# Solving linear inhomogeneous differential equation

I wanted to solve $$y''-2y'-3y=4e^{-x}+1$$ for which I got the homogeneous solution $$y_h=C_1e^{-x}+C_2e^{3x}, \quad C_1,C_2 \in \mathbb R.$$

Then by plugging particular solution of the form $$y_p=Ae^{-x}+Bx^2+Cx+D$$ and it's derivatives into my differential equation I get $$Ae^{-x}+2B+2Ae^{-x}-4Bx-2C-3Ae^{-x}-3Bx^2-3Cx-3D=4e^{-x}+1$$ which reduces to $$-3Bx^2-x(4B+3C)+2B-2C-3D=4e^{-x}+1$$ which could never hold true since the $$A$$ terms vanished. What did I do wrong?

• You already have $e^{-x}$ in the homogeneous solution. Then ... – Claude Leibovici Jun 22 '19 at 13:48
• Are you sure about the DE having the third derivative $y'''$? – user10354138 Jun 22 '19 at 13:49
• @user10354138 thanks, typo – Tesla Jun 22 '19 at 13:59

## 4 Answers

Hint: Compute the complementary solution by the ansatz $$y=e^{\lambda x}$$ The solution is given by $$y=C_1e^{-x}+C_2e^{3x}$$. For the particular solution make the ansatz $$y_P=a_1+a_2xe^{-x}$$ A possible solution is given by $$y_p=-e^{-x}x-\frac{1}{3}$$

• The OP has already found the complementary solution. – amd Jun 22 '19 at 19:10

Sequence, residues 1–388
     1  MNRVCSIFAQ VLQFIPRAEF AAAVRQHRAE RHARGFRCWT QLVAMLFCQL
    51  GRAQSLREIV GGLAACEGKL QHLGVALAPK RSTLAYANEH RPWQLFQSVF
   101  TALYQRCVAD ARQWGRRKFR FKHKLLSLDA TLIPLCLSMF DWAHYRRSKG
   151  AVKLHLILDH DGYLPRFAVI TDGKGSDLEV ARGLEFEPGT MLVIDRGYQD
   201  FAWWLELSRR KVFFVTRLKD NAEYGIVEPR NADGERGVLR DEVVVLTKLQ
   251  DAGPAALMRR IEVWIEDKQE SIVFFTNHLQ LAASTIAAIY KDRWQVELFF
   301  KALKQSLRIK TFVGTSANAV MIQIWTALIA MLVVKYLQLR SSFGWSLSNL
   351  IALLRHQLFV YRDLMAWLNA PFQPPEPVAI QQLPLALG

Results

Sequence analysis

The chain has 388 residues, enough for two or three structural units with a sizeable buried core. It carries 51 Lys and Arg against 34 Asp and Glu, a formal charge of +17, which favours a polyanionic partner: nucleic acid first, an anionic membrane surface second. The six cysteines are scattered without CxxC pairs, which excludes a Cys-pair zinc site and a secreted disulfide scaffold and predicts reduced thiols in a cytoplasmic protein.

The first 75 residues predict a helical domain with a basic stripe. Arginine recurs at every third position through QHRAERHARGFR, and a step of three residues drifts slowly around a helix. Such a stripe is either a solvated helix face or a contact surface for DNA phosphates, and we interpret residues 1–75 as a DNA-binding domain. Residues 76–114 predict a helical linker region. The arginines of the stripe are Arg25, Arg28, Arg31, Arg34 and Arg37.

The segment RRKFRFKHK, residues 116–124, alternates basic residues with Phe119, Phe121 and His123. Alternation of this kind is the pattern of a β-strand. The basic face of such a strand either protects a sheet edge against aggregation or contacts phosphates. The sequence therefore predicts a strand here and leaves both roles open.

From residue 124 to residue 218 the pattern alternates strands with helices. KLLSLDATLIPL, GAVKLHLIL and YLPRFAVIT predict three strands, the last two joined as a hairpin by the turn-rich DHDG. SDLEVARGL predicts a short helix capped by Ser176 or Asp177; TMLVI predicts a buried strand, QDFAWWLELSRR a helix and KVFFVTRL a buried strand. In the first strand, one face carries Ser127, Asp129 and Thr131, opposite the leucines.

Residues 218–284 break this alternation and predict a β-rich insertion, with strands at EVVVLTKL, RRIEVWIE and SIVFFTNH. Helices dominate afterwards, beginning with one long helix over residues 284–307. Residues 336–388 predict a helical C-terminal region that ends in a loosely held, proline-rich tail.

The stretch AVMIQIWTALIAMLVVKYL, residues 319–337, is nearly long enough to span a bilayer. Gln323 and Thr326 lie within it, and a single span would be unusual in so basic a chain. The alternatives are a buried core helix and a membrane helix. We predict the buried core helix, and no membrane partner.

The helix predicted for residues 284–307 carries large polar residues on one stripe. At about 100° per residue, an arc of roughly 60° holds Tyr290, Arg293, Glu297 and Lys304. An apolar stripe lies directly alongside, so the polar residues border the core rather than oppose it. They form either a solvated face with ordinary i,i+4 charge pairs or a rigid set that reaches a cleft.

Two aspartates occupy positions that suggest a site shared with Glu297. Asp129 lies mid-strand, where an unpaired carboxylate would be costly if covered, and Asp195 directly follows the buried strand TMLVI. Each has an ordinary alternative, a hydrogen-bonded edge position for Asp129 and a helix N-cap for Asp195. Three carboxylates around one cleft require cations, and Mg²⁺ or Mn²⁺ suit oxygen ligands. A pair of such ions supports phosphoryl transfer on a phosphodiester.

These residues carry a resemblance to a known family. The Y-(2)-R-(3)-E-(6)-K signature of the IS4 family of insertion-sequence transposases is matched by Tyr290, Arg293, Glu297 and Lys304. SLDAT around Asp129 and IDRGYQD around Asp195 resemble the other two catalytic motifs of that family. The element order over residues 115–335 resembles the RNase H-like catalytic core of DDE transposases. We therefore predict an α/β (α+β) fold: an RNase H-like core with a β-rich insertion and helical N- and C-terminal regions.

First off, I presume you mean $$y''$$ instead of $$y'''.$$ Next, you must modify your guess because both your homogeneous solution and the right-hand side of your ODE contain $$e^{-x}$$. Instead, try to guess $$A+Bxe^{-x}$$ for the particular solution.

$$y''-2y'-3y=4e^{-x}+1$$ You have going your $$y_h$$ correctly.

For your $$y_p$$ you need to consider $$y_p=Axe^{-x}+B$$ and find $$A$$ and $$B$$

I found $$A=-1$$ and $$B=-1/3$$

$$y_p=-xe^{-x}-1/3$$

$$y''-2y'-3y=4e^{-x}+1\implies (D^2-2D-3)y=4e^{-x}+1\qquad \text{where}\quad D\equiv \frac{dy}{dx}$$

Another approach for P.I.

P.I.$$\quad = \frac{1}{D^2-2D-3}(4e^{-x}+1)$$

$$=4\frac{1}{D^2-2D-3}e^{-x}+\frac{1}{D^2-2D-3}\cdot 1=4e^{-x}\frac{1}{(D-1)^2-2(D-1)-3}\cdot 1-\frac{1}{3}(1+\frac{2}{3}D-\frac{1}{3}D^2)^{-1}\cdot1$$

$$=4e^{-x}\frac{1}{D^2-4D}\cdot 1-\frac{1}{3}$$

$$=-e^{-x}\frac{1}{D}(1-\frac{D}{4})^{-1}\cdot 1 -\frac{1}{3}$$

$$=-e^{-x}\frac{1}{D} \cdot 1 -\frac{1}{3}$$

$$=-xe^{-x}-\frac{1}{3}$$

Consider a differential equation of the form $$f(D)y=X$$

If $$X=e^{ax}$$, then

$$1.$$ P.I.$$\quad = \frac{1}{f(D)}e^{ax}=\frac{e^{ax}}{f(a)}$$, if $$f(a)\neq 0$$

$$2.$$ P.I.$$\quad =\frac{1}{f(D)}e^{ax}=e^{ax} \frac{1}{f(D+a)}\cdot 1$$, if $$f(a)= 0$$